The MEADS program executed a planned thirty two and half month Risk Reduction Effort (RRE) phase. The primary objectives of RRE were to develop program cost and schedule consensus to mature critical technologies, and prepare program planning for entry into the Design and Development (D&D) Phase at Milestone B in 2004. The D&D Phase was planned to be a six year, ten month effort producing six MEADS Fire Units with the First Unit Equipped in FY12. The D&D Phase was to be executed under an International Memorandum (MOU) between the participating nations.
The successful completion of the Risk Reduction program produced a prototype radar unit. This led to the signing of the full-scale design and development contract in May 2005. On 31 May 2005, the partner nations signed an eight year contract for the design and development of the MEADS system.
The FY06/07 budget combined the PAC-3/MEADS program based on a Milestone B decision, 1 July 2004. The Army revised the MEADS acquisition strategy to combine management, development, and fielding of both the MEADS and Patriot systems. The Patriot/MEADS Combined Aggregate Program (CAP) will provide for the evolution of the Patriot/PAC-3 system to the MEADS objective system through the early introduction of the MEADS Major End Items. This approach provides for earlier fielding of enhanced air and missile defense capabilities across the currently fielded force to counter the evolving threat and allow for the knowledge that was gained in the development and fielding of the Patriot System to be fused into the MEADS program. The PAC-3 missile is the baseline missile for the MEADS system. The Missile Segment Enhancement (MSE) missile, which provides for greater ranges, will be the objective missile for the system. The first year of procurement for the MSE missile, SSN C53101, (initial production facilitization) and the MEADS Ground Support Equipment, SSN C53201, (initial BMC4I) will begin in FY08.
On 9 February 2006, the Army System Acquisition Review Council (ASARC) approved establishment of the Integrated Air and Missile Defense (IAMD) Project Office (PO) to lead development efforts for the Army IAMD. On 8 May 2006, the Army established the IAMD PO which will manage the U.S. Army's initiatives to implement the user's operational concept from a System-Centric focus to a Network-Centric, Component-Based (Plug and Fight) architecture. The lead proponent for the U.S. oversight of the International MEADS Battle Management Command, Control, Communications, Computers and Intelligence (BMC4I) effort now resides with the IAMD PO. The PATRIOT/MEADS CAP Acquisition Program Baseline (CAP APB) and Acquisition Strategy will be modified to reflect these changes.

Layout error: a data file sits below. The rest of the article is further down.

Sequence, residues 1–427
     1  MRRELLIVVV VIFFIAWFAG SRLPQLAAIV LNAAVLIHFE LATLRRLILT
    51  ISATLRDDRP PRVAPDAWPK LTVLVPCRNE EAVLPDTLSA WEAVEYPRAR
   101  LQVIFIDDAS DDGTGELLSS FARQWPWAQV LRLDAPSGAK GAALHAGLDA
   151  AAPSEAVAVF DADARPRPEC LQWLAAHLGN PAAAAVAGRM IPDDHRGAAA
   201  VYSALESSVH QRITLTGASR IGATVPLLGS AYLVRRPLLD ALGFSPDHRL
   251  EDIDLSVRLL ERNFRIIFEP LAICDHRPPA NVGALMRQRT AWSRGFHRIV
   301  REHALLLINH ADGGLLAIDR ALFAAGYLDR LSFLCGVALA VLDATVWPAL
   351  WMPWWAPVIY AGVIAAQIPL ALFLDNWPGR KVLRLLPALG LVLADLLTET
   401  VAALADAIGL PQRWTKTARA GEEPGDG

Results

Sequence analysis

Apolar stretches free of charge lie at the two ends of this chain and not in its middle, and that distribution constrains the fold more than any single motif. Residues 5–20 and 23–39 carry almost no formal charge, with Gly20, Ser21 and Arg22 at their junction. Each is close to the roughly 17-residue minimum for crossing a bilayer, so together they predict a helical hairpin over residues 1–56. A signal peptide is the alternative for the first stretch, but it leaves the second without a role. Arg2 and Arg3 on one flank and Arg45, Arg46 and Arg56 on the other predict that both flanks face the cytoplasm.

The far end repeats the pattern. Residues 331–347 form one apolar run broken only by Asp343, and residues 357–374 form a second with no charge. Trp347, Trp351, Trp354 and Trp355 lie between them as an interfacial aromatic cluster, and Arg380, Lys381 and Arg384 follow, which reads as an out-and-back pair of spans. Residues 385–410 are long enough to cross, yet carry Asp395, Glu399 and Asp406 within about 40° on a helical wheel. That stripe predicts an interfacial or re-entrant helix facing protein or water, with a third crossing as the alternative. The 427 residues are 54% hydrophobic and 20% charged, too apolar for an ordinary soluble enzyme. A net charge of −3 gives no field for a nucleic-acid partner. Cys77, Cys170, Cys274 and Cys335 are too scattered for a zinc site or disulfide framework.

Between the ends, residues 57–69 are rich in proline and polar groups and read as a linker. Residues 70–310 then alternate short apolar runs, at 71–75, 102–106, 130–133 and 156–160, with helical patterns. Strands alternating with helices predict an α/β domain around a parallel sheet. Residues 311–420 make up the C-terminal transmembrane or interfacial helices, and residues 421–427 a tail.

As of mid-2007 program planned call for a system design review in 2009, but officials estimated that only one of the six fire unit technologies will be more mature at that time than at development start. The program office anticipates that all critical technologies will be fully mature by the start of production in the first quarter of fiscal year 2013. Plans call for the insertion of MEADS components into Patriot Fire Units beginning in 2008 and continuing in 2010 and 2013. However, this could change because plans for these insertions are under review. The 2008 and 2010 increments are under review as the Office of the Secretary of Defense and the U.S. Army consider the means to consolidate and align multiple Air and Missile Defense command and control development efforts. The Army's objective is to provide a joint integrated network-centric architecture for common Battle Management Command, Control, Communications, Computers, and Intelligence. The 2013 increment is not effected by the potential realignment and the Army expects MEADS to achieve initial operating capability in 2017 with four units.
In February 2008 the MEADS completed its System Preliminary Design Review (PDR), a major milestone in the program's development. The MEADS team then began to focus on detailed design work for the system, with the Critical Design Review (CDR) scheduled for 2009, leading to initial MEADS flight tests in 2011. System PDR was the most significant milestone to date for the MEADS program. This demonstrated to the customer that the basic design of MEADS was ready to move forward into detailed design. The level of technical detail of the PDR was unprecedented, reflecting the importance and complexity of this next-generation air and missile defense system, and the expectations of three sponsoring governments. Over the six-month period leading to the summary event on 18 December 2007, transatlantic review teams attended 27 multi-day design reviews to ensure that the needs of the three nations are being met.